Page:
Leading Through Example: Cross-Functional Teams

agile leadership alignment collaboration focus
Leaders planning at a whiteboard

By Julie Springer

December 12, 2022

If you want to do a better job serving your team, start by improving how you work with the other managers. We expect our teams to learn how to work well together and to have shared goals, but this is often not seen at the leadership level. Leaders tend to focus more on their own areas, competing with other managers for resources, rather than working as a cohesive unit. To better support your teams and improve results across areas of responsibility, leaders must set the example for cross-functionality and collaboration.

Your First Team

As a manager, your primary team is not the people you are leading. Your “first team” is your fellow managers — your peers. This idea comes from Patrick Lencioni, author of “The Advantage.” He says,

"Your first team has to be the Leadership team. As strongly as we feel about our own people and as wonderful as that is for them, it simply cannot come at the expense of the loyalty and commitment we have to the Leadership team." - Patrick Lencioni

When leaders aren’t aligned, teams get conflicting priorities, struggle with dependencies, and wait for answers. Each area is operating as a silo, optimizing based on their goals, without accounting for how this impacts other areas. As a consequence, everyone goes slower, as there is a lot of work in progress but not a lot getting done.

Cross-Functional Leadership

The solution to this is for managers to work as a cross-functional team. On a cross-functional team, people represent areas of responsibility or expertise, but share common priorities and goals and work together to deliver value. It’s not sufficient to simply share information about what each person is doing in their own area. A compilation of goals is not the same thing as a set of shared goals, developed as a team.

The change to working as a cross-functional leadership team starts with how you plan your work. Just like your delivery teams, you need to spend time together developing a strategy, planning and defining a backlog of work to accomplish as a team. The strategy and plan will guide the teams in each of your areas, and the backlog that you work on together includes the work you need to do to support the teams that you are leading.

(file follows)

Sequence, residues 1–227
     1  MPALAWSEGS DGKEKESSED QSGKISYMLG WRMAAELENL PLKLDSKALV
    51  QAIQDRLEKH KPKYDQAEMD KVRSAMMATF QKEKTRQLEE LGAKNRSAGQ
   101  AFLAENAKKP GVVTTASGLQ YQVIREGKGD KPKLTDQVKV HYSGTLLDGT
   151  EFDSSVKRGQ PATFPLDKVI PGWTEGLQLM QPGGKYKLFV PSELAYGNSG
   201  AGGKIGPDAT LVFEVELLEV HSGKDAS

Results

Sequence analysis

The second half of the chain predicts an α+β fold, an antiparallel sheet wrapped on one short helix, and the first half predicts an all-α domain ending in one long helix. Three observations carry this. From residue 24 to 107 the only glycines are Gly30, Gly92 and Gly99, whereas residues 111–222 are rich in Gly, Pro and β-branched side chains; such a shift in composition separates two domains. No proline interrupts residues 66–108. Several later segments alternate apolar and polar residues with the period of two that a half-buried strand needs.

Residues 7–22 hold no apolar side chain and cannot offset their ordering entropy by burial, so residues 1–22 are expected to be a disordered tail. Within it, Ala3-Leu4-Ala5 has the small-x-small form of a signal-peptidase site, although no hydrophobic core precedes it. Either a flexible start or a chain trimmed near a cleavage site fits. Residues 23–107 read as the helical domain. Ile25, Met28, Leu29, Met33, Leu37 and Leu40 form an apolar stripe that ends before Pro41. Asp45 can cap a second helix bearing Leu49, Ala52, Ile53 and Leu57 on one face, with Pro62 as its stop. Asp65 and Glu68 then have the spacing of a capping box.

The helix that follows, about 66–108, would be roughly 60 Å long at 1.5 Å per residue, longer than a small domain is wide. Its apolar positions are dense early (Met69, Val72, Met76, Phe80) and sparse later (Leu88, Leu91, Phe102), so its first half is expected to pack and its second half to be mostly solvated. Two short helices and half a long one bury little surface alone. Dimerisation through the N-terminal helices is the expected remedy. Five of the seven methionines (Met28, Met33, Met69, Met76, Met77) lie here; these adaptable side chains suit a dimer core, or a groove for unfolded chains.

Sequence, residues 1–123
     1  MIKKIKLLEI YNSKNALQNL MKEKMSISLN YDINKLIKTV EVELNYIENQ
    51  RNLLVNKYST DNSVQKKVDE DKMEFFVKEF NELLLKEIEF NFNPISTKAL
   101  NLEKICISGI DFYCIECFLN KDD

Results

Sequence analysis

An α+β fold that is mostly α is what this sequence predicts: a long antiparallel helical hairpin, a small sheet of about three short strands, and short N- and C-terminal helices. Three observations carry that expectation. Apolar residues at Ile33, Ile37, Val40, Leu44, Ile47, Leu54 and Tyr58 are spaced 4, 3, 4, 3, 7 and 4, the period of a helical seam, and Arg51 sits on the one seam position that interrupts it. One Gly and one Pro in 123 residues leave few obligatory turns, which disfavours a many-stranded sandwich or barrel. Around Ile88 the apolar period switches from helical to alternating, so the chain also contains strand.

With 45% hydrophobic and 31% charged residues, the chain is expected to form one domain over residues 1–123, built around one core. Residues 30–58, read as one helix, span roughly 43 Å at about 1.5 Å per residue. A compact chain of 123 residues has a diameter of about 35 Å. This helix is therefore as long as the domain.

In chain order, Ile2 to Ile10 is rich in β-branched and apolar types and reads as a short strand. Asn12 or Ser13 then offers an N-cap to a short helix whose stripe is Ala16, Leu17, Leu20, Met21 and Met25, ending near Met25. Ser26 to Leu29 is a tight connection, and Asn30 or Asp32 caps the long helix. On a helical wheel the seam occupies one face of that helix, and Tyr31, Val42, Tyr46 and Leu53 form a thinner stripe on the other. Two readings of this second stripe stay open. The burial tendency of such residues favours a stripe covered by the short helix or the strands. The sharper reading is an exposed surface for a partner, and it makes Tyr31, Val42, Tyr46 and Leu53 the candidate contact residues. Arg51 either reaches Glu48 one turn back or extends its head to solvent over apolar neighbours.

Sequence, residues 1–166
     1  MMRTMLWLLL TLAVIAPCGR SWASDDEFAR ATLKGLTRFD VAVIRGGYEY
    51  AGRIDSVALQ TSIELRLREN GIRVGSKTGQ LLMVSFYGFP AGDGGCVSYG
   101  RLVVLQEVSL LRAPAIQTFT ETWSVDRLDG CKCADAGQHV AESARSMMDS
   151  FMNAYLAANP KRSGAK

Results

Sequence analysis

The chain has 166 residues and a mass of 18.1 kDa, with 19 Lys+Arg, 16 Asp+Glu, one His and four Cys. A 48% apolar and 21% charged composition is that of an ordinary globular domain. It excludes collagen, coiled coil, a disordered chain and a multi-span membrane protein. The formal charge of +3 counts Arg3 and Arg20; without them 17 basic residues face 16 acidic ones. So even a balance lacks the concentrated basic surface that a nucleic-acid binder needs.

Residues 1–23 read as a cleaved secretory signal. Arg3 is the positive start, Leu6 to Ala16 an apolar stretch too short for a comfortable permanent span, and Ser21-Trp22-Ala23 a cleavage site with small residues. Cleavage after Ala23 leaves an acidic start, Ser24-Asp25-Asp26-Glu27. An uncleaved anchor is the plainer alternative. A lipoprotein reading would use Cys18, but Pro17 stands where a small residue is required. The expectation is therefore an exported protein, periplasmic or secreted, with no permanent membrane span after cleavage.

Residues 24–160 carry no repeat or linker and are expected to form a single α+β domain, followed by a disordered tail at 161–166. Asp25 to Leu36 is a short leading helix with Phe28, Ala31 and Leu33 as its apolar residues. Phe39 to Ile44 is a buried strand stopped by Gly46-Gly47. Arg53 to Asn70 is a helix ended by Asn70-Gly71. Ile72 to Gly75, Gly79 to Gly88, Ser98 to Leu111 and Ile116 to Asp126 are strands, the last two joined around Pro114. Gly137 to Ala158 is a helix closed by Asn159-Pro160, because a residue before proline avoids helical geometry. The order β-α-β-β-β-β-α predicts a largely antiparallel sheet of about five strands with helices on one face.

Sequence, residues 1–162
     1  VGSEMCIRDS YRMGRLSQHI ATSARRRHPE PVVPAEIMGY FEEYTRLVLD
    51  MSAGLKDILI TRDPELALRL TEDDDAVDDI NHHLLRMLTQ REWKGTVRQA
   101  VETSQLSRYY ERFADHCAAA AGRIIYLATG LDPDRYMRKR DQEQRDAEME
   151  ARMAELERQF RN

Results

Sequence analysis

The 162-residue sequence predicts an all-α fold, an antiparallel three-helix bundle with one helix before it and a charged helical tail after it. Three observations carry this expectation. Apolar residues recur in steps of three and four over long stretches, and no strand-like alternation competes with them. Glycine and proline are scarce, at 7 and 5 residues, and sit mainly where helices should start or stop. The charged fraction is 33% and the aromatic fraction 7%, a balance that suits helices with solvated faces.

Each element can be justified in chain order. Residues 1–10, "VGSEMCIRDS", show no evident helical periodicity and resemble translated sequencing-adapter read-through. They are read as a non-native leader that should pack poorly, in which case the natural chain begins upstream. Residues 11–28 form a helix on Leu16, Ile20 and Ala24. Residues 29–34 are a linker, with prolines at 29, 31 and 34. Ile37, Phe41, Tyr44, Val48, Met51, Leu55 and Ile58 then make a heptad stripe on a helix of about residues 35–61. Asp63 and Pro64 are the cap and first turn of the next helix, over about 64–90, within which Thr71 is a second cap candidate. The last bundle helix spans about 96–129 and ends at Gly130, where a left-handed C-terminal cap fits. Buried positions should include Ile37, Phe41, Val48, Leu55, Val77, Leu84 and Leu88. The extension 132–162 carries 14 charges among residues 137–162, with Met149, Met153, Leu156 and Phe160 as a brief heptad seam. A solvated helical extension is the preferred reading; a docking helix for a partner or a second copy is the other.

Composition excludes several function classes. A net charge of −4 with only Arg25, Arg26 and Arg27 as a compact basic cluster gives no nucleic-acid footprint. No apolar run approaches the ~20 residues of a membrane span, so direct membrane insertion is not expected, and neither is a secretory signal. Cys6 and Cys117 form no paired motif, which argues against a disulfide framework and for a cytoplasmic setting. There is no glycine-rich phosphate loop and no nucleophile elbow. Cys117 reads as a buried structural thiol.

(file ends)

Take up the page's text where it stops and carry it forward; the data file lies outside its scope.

How This Looks in Practice

An example of what this could look like, is forming a team that includes managers responsible for development, operations, policy and quality assurance, within a bureau, or supporting a project or product. As managers, you come together on a regular basis for planning; perhaps quarterly, for strategic planning, and every two weeks, for tactical planning. You define outcomes and measures of success for the teams that you are collectively responsible for, and identify places where the teams need your help. Every two weeks, you decide what you will work on together, to support the teams, and reflect on how you are working together as a team. You set goals for how to continue working better, together.

In this way, your planning and delivery cycles mirror the teams you are supporting. You get first-hand experience with working on a cross-functional team and are better able to support your staff members in working on their teams. Most importantly, the goals across all managers are aligned, so that all teams can focus on what is most important. This reduces dependencies, improves flow and supports teamwork, at every level. Don’t ask your teams to do anything you aren’t willing to do yourself!

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